Document Control: Effective documentation is the foundation of operational excellence. Document control software allows users to manage the creation, approval, distribution and archiving of all controlled documents. Document control software is ready to use for such document types as manuals, procedures, work instructions, forms, job descriptions, product specifications and much more.

Part of any compliance management standard involves the controlling of documentation. Whether it is ISO 19001, ISO 14001, Good Manufacturing Practices or other regulations document control element is an essential part of any framework. The controlling of documents ensures users that proper procedures will followed and centrally managed to meet guidelines within an organization.

Organizations who struggle with multiple spreadsheets, document versions or shared network drives largely benefit from Specification Management. Similarly having numerous iterations of job instructions floating around can lead to safety and quality issues. No matter how you share documents in a manual system, there’s a fundamental lack of visibility which inevitably creates errors and waste.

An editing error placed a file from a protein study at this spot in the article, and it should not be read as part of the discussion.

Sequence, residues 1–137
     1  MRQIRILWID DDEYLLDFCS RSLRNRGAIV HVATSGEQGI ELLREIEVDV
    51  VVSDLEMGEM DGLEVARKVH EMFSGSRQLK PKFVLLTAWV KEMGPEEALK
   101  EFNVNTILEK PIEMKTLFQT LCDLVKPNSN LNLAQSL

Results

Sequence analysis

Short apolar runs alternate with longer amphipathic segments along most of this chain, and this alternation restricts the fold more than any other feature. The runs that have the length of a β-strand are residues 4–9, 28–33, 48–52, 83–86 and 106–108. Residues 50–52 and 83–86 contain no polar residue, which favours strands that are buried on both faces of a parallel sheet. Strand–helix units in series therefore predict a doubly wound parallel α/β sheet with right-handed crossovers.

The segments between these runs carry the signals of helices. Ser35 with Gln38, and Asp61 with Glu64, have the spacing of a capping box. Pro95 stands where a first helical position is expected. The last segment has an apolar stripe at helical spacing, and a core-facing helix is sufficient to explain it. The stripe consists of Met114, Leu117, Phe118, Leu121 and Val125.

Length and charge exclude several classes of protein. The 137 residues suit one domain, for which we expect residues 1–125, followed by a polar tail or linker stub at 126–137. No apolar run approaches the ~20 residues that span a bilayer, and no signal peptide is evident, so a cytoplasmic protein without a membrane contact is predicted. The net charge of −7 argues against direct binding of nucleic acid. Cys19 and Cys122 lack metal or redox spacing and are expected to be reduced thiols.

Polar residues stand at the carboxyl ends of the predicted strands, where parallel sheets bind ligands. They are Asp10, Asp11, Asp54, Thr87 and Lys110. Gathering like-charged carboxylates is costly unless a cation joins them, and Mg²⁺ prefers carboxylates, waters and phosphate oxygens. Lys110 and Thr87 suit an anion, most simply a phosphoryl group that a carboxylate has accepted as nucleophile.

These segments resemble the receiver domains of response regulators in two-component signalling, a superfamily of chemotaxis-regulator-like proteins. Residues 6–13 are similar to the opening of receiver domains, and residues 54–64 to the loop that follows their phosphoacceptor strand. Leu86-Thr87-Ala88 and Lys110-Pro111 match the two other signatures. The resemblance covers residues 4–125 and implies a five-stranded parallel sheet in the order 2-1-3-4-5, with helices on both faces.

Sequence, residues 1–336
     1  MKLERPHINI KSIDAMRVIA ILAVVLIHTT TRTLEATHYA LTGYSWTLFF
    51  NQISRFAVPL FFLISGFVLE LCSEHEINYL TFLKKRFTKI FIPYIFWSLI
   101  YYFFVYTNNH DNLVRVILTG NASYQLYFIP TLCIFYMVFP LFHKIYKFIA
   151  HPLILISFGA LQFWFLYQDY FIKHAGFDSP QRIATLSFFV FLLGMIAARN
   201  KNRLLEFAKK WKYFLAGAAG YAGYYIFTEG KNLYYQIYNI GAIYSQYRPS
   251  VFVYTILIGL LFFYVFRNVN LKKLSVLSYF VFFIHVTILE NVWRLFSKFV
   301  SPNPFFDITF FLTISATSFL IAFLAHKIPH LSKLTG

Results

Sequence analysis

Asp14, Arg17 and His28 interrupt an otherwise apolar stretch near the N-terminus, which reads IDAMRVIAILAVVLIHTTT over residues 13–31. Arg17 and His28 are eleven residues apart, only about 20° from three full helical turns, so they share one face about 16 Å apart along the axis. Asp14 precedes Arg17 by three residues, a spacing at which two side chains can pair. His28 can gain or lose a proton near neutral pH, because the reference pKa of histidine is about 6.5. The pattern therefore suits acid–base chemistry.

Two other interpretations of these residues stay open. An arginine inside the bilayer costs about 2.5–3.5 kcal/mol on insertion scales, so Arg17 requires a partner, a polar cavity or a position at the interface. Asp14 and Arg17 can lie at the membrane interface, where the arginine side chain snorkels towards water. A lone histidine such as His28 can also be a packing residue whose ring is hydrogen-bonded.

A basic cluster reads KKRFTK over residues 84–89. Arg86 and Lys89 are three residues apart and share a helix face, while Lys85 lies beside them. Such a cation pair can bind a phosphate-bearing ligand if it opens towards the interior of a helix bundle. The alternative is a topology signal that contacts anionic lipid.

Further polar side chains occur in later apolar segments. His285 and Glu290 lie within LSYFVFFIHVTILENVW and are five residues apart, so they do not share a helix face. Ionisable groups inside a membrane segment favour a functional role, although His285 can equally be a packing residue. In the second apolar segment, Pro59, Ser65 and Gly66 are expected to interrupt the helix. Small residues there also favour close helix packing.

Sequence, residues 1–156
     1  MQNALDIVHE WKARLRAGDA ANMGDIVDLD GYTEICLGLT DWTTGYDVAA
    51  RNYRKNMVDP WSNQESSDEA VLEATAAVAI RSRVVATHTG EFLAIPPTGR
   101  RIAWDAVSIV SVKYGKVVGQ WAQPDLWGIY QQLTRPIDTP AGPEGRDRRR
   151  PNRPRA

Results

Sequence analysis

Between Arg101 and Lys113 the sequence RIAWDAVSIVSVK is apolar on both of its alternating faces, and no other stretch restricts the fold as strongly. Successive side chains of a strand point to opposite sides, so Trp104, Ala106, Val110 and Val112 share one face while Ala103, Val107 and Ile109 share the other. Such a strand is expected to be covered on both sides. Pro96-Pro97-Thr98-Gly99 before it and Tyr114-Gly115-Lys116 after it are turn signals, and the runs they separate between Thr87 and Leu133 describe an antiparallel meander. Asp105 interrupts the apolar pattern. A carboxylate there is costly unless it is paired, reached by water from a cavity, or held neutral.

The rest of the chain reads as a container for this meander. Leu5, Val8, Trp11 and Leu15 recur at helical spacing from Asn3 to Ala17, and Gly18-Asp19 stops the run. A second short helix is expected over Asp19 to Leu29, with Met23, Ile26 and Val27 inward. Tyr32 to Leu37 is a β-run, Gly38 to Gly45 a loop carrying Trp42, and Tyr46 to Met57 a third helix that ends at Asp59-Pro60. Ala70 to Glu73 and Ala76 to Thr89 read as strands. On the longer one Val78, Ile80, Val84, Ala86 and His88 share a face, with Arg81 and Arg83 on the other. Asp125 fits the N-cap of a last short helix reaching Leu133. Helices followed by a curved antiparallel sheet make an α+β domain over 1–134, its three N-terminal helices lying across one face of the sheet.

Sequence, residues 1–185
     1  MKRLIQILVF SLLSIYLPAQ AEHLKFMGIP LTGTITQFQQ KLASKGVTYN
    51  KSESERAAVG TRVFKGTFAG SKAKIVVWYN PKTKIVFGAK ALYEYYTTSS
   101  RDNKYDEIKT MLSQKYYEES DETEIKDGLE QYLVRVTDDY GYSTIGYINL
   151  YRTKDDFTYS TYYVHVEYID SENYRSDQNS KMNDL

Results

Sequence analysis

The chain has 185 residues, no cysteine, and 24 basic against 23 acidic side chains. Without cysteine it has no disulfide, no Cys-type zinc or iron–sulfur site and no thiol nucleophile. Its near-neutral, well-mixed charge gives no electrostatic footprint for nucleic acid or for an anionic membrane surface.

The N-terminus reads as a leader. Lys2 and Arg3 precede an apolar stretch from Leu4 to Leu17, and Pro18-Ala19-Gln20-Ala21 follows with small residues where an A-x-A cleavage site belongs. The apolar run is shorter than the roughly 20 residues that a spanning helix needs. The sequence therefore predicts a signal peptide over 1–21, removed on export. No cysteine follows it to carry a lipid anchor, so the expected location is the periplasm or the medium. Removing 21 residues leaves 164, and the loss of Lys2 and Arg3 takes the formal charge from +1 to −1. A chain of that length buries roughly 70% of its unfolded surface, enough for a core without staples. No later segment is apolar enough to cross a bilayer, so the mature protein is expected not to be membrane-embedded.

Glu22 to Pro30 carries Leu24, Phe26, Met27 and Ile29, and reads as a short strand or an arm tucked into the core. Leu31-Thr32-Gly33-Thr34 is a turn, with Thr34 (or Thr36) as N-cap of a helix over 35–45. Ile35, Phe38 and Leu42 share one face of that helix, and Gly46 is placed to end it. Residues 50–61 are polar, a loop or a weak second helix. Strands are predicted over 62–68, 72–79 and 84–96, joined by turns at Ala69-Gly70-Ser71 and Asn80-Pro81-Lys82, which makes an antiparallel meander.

An integrated Document Control System serves as a central repository for managing specifications, policies and procedures in quality and EHS, reducing risk by preventing conflicted versions that cause mistakes, enabling automated employee training updates and minimizing delays while ensuring control over completion.

Employee Training: Operational excellence requires employee training that addresses both quality and EHS. An integrated QEHS System simplifies the process, allowing companies to capture all of the quality and safety requirements of each job role.

For example—chemical plant workers need training on how to ensure safety as well as product quality. In tracking employee training, companies can easily pull HR data to determine requirements, organize scheduling priorities with risk-based assessments, uncover training gaps contributing to both quality and safety issues and gauge effectiveness of courses by reporting on assessment results.